The GOP Triangulates : Is a carbon tax in America’s future? (Timothy Noah, Nov. 9, 2006, Slate)
Two days after the election, a movement is afoot to achieve an audacious Democratic goal. The weird part is that the people behind it are Republicans.
In a Nov. 9 Wall Street Journal op-ed, former Bush speechwriter David Frum suggested that President Bush propose a carbon tax. N. Gregory Mankiw, former chairman of the Council of Economic Advisers in the Bush White House, suggested the same thing in an Oct. 20 op-ed in the Journal, and former Fed Chairman Alan Greenspan talked it up in late September. Harvard’s Martin Feldstein and Weekly Standard contributing editor Irwin Stelzer like the idea, too. Slate “Moneybox” columnist Dan Gross took note of this unexpected GOP trend in an Oct. 8 New York Times column (“Raise the Gasoline Tax? Funny, It Doesn’t Sound Republican”).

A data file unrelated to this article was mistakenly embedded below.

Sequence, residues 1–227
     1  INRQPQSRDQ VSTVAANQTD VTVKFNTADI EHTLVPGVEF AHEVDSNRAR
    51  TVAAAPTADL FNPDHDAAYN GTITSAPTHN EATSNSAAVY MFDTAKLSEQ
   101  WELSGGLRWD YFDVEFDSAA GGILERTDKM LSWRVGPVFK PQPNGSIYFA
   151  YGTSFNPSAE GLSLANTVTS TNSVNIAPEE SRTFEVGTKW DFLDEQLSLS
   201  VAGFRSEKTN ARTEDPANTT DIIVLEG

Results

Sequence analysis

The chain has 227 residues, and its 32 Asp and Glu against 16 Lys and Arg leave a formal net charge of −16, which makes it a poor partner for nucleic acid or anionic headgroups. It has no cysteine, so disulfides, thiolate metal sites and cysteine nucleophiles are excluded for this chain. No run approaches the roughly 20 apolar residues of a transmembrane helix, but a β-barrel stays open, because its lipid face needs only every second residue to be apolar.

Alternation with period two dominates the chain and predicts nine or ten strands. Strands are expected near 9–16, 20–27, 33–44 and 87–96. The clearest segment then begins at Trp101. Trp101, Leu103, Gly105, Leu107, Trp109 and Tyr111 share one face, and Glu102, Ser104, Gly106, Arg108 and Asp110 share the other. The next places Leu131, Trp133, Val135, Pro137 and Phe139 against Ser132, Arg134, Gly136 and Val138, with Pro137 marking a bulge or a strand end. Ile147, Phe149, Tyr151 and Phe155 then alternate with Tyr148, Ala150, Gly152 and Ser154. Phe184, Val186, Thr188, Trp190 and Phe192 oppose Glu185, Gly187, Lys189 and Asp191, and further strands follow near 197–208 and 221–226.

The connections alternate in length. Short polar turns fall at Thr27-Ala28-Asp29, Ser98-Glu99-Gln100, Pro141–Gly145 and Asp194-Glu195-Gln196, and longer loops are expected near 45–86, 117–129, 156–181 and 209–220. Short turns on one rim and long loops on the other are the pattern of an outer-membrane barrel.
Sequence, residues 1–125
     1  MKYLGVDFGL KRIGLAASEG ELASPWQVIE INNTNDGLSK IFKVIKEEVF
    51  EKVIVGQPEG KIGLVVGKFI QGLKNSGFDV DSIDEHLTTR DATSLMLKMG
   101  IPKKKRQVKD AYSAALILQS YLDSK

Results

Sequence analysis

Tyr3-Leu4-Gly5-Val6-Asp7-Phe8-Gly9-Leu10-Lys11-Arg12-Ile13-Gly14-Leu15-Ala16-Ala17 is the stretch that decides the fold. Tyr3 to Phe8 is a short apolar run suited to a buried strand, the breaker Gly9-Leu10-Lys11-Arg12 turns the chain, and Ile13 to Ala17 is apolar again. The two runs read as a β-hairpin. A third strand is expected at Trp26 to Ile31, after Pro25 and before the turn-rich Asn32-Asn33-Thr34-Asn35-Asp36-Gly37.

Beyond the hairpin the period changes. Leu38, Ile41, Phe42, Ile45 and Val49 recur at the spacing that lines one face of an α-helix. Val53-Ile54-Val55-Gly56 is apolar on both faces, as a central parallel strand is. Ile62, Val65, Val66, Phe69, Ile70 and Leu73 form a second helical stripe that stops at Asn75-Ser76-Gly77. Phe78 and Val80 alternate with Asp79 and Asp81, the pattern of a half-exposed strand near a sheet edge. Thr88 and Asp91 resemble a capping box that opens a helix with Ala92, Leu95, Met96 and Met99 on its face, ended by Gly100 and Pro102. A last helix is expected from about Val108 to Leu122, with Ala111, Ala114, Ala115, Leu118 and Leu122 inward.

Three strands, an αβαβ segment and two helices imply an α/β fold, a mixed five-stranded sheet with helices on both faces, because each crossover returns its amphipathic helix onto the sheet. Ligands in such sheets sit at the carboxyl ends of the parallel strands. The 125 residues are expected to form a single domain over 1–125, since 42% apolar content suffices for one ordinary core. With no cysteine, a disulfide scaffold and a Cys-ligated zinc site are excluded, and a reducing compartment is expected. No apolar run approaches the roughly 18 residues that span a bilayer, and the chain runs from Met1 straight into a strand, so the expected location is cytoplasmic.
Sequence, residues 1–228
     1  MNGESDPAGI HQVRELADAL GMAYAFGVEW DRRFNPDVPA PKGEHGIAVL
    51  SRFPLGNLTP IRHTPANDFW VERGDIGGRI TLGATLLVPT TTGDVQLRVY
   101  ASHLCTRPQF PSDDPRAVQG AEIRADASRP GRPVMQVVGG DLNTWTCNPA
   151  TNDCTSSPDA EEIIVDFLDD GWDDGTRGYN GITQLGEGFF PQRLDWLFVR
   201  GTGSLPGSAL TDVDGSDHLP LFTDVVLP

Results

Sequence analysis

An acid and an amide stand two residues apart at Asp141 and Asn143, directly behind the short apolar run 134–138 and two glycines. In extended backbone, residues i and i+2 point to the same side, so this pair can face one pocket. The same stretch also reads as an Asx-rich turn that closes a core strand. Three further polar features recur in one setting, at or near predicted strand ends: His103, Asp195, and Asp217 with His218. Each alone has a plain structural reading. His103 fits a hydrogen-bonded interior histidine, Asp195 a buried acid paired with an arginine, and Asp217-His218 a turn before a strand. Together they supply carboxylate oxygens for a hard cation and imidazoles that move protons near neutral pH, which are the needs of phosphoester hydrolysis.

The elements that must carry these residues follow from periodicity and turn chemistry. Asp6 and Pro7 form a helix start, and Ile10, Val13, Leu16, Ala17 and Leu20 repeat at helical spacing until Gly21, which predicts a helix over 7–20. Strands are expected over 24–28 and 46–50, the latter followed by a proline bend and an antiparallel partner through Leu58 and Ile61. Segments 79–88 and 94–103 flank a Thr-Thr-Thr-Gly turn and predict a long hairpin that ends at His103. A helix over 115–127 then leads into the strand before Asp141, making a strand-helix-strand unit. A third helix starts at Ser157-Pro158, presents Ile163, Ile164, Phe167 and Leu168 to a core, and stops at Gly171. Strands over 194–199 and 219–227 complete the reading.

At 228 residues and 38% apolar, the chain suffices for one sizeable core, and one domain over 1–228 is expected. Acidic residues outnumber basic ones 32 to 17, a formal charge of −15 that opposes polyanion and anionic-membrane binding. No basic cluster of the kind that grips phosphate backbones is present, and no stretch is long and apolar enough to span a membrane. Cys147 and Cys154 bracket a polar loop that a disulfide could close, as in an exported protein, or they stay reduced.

On a purely theoretical level, it’s not at all inconsistent for a Republican to advocate a carbon tax. Conservatives prefer taxing transactions to taxing income because it’s a way to avoid progressivity; rich and poor get taxed at the same rate.
It’s all about taxing consumption rather than income and, as the congressional GOP discovered in the Clinton years, presidents get the credit for what happens on their watch.